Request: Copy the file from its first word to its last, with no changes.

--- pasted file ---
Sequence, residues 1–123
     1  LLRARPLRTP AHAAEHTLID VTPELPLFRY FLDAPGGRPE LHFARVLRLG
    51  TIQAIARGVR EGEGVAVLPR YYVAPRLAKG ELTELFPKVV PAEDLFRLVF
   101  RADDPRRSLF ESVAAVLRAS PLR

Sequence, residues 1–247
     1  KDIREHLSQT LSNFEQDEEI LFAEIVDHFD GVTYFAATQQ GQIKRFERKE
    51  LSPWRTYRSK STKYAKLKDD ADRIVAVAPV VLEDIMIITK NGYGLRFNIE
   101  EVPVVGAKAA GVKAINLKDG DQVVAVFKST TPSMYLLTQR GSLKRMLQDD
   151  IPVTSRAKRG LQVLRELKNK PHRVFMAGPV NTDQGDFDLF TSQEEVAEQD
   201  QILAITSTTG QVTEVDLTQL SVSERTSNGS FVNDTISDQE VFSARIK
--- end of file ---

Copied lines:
Sequence, residues 1–123
     1  LLRARPLRTP AHAAEHTLID VTPELPLFRY FLDAPGGRPE LHFARVLRLG
    51  TIQAIARGVR EGEGVAVLPR YYVAPRLAKG ELTELFPKVV PAEDLFRLVF
   101  RADDPRRSLF ESVAAVLRAS PLR

Sequence, residues 1–247
     1  KDIREHLSQT LSNFEQDEEI LFAEIVDHFD GVTYFAATQQ GQIKRFERKE
    51  LSPWRTYRSK STKYAKLKDD ADRIVAVAPV VLEDIMIITK NGYGLRFNIE
   101  EVPVVGAKAA GVKAINLKDG DQVVAVFKST TPSMYLLTQR GSLKRMLQDD
   151  IPVTSRAKRG LQVLRELKNK PHRVFMAGPV NTDQGDFDLF TSQEEVAEQD
   201  QILAITSTTG QVTEVDLTQL SVSERTSNGS FVNDTISDQE VFSARIK